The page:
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The Entrepreneur’s Foundation of Colorado, the Living Green Network, and Mocavo are hosting a roofdeck bash on Halloween to benefit first-responder families and local farms devastated by the recent Boulder-area flood. Let’s rally the entrepreneurial community together and raise some money for those in need. I’ll be there to support the cause and would love for you to join me.
Cliff and the Mocavo gang are opening a one-night-only bar in downtown Boulder in the name of charity. Anyone who’s been to Boulder on Halloween knows it tends to be a pretty wild night, especially when it’s on a Thursday. Between the gong for donation milestones and the flatscreen broadcasting the money raised, it should make for a fun event. Donations made by employees of local companies will also optionally join a company leaderboard for some healthy competition.
Existing sponsor list includes KKO, Silicon Valley Bank, and Goldman Sachs. More sponsors are welcome – a restaurant sponsor would be great.
Register for the free event at EventBrite (link to https://halloweenfloodrelief.
I’ve continued to be emotionally distracted by all the devastation around Boulder from our recent floods. I’ve gotten a ton of emails from all over the world in support as well as some meaningful financial contributions adding on to the $100,000 my partners and I just gave to the Entrepreneurs Foundation of Colorado to provide direct support for the flood victims.
Amy’s assistant Naomi hiked up to our house in Eldorado Canyon today to finally check on our house there. The house is fine, but there is damage to a bunch of our property. At some intellectual level it’s incredible to see the power of water. At some other level it’s emotionally distressing. The picture above is our meadow. And yes – the crevasse is “new” – so we have a new creek in our meadow.
Then – there’s the lower part of our driveway – well, at least what used to be a driveway.
And then there’s the road through Eldorado State Park, which no longer works as a road.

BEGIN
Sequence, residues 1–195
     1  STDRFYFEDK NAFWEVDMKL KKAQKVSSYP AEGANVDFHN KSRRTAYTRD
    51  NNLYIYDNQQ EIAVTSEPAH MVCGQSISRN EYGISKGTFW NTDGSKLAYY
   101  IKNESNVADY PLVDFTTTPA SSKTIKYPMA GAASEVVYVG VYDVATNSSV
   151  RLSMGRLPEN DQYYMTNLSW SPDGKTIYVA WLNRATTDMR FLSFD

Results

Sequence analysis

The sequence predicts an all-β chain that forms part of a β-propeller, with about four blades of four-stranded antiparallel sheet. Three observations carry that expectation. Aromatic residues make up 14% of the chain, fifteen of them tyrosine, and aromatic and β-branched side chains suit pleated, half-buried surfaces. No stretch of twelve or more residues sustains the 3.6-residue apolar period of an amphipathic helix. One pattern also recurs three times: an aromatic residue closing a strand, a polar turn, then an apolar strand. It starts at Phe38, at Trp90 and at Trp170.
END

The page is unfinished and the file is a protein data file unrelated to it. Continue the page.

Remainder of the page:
We are all ok and have plenty of resources to deal with this. So we’ve turned most of our energy to helping our friends, neighbors, and extended Boulder County community deal with the destruction the floods have caused. But it’s really amazing to see the power of mother nature unleashed.
Today, my partners at Foundry Group and I are contributing $100,000 to the Entrepreneurs Foundation of Colorado (EFCO) to help with the Boulder Flood Relief Effort. This is our second gift to the EFCO – we previously contributed a portion of our carry across all of our funds.
The floods in Boulder and the surrounding area the past week have been devastating. I went for a run last night around town just to get a feel for things – the water is still at dangerously high and fast levels in Boulder Creek and the damage near the creek in downtown is visible. I smelled smells that I’ve never smelled in Boulder before and saw water in places it simply didn’t belong.
But downtown Boulder is quickly getting back to normal. That’s not the problem. If you’ve ever been to Boulder, you know we are surrounded by incredible mountains. It’s part of the magic of the place, but also part of the challenge. A friend told me recently, “think of the mountains as giant slanted roofs and Boulder as the basement of the house.”
There are two natural forces here that can be massively destructive. The first, which have made the news the past few years, are wildfires. Amy and I have endured these for the past 17 years – we’ve been evacuated from our house twice, once for three days during my brother’s wedding. The massive Lefthand Canyon Fire destroyed a huge neighborhood. Awful, terrifying stuff.
But that just set us up for what looks like the real disaster. The entire mountain area around Boulder is wrecked. Roads are destroyed. Towns in the “basement” – including Lyons – are literally wiped off the map. Major parts of Longmont are now submerged. The water ran downhill, destroying everything in its path as gravity did it’s magic, and then just sat at the bottom wherever it ended up.
My partners and I are lucky. None of our lost our houses. We all have roofs over our heads. And we have plenty of resources.